I want to highlight another item from Michael Lewis’ article on Obama’s Way and his interview with Terry Gross on NPR. (More)

During the interview, Lewis says that President Obama told him that the bully pulpit is broken. He said that is partly because of our polarized media, but also ties in to this whole Republican strategy of obstruction. The President knew that the minute he proposed something – even if it was originally a Republican idea – they would oppose it. And the louder he fought for it, the more strenuous their objections would be.

My take on that would be that it opens the door to a powerful strategy for Democrats in a campaign. And we’ve seen the President use that opportunity very well over the last few months in making this a choice election rather than a referendum.

But when you need to actually get something done legislatively – like a stimulus or health care reform – it means that using the bully pulpit to advocate for policies can actually work against you.

But then in the article, President Obama explains it even further.

He admits that he has been guilty, at times, of misreading the public. He badly underestimated, for instance, how little it would cost Republicans politically to oppose ideas they had once advocated, merely because Obama supported them. He thought the other side would pay a bigger price for inflicting damage on the country for the sake of defeating a president. But the idea that he might somehow frighten Congress into doing what he wanted was, to him, clearly absurd. “All of these forces have created an environment in which the incentives for politicians to cooperate don’t function the way they used to,” he said. “L.B.J. operated in an environment in which if he got a couple of committee chairmen to agree he had a deal. Those chairmen didn’t have to worry about a Tea Party challenge. About cable news. That model has progressively shifted for each president. It’s not a fear-versus-a-nice-guy approach that is the choice. The question is: How do you shape public opinion and frame an issue so that it’s hard for the opposition to say no. And these days you don’t do that by saying, ‘I’m going to withhold an earmark,’ or ‘I’m not going to appoint your brother-in-law to the federal bench.’”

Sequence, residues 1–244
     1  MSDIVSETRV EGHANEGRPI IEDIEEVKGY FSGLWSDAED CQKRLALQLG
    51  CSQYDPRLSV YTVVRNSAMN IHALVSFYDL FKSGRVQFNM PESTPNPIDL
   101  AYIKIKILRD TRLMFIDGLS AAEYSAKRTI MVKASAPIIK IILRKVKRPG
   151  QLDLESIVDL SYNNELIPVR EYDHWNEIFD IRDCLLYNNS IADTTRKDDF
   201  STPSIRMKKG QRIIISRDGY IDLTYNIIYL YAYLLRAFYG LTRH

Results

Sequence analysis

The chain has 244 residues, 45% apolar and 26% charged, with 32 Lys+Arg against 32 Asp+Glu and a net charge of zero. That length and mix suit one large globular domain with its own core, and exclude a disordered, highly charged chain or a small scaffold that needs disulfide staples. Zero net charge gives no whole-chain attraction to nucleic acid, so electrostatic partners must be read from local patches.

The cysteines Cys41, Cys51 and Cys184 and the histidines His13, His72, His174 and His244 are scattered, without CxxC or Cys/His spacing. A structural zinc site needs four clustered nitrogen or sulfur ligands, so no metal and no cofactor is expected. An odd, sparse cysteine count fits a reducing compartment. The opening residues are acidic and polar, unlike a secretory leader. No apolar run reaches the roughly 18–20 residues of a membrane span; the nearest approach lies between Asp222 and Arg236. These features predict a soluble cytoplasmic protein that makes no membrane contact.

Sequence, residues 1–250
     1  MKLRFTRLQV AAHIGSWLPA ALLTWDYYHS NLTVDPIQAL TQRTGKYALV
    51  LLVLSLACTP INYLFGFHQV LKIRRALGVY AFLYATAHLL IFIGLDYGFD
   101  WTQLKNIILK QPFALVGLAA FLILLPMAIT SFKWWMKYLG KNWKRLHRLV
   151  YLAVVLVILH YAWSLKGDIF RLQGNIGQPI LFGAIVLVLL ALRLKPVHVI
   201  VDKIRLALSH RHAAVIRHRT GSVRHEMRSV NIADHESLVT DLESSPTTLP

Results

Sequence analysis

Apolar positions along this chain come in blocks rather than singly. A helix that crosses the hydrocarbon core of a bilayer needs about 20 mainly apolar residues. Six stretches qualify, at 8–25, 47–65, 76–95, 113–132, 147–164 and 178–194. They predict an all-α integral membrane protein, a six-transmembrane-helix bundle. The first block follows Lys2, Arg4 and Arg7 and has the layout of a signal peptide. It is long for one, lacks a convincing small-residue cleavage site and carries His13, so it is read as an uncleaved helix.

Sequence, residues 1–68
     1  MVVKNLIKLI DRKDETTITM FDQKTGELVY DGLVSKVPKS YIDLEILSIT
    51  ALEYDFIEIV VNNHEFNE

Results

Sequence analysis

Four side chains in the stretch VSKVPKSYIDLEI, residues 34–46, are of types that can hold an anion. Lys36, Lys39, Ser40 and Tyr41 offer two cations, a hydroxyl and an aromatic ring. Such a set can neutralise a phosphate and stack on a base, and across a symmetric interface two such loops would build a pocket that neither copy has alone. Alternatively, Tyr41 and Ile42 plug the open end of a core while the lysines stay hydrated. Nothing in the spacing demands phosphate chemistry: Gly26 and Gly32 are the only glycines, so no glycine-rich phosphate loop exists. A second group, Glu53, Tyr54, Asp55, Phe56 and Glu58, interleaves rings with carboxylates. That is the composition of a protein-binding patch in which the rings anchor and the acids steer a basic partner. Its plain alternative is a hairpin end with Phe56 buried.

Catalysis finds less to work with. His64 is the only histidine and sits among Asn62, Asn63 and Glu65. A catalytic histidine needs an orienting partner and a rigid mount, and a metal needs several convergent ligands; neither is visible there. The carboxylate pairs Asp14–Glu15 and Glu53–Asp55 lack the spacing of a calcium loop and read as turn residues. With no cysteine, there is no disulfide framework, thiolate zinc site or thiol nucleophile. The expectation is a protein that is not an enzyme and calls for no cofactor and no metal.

So lets break that down a bit, shall we? First of all, President Obama – like VP Biden – was aware of the Republican strategy of obstruction from the beginning of his term. All that mess about him being naive was ridiculous from the get-go. Where he calculated wrong was in thinking that the American people (and the media, I might add) would hold Republicans accountable for that. In other words, he had the audacity to believe that a party that was willing to sacrifice the good of the American people (during the worst recession of our lifetimes) for their own political ends, would eventually pay a price. Imagine that!

But then he gets all up in some arguments we heard for years from disgruntled leftists. You remember … all those folks that thought that if he just acted more like LBJ in his wheeling and dealing he could kick some Republican ass. What he’s saying is that the threat of a Tea Party primary challenge and/or getting blasted on Faux News was more of a threat to them than any little goodie he might hold out or withhold to gain their support. All he had was the possibility of enough of us joining him to hold their feet to the fire.

This is President Obama articulating what those of us who call ourselves “pragmatic progressives” have been saying all along. If more of those lefties (who were so focused on pressuring Obama) had trained their efforts on pressuring Republicans to move or be shamed in the court of public opinion, we might have helped him bust their stranglehold on gridlock.

Let’s not make that mistake again!

More on the article Obama’s Way by Michael Lewis:

Putting Yourself in the President’s Shoes
President Obama’s Process for Making the Tough Calls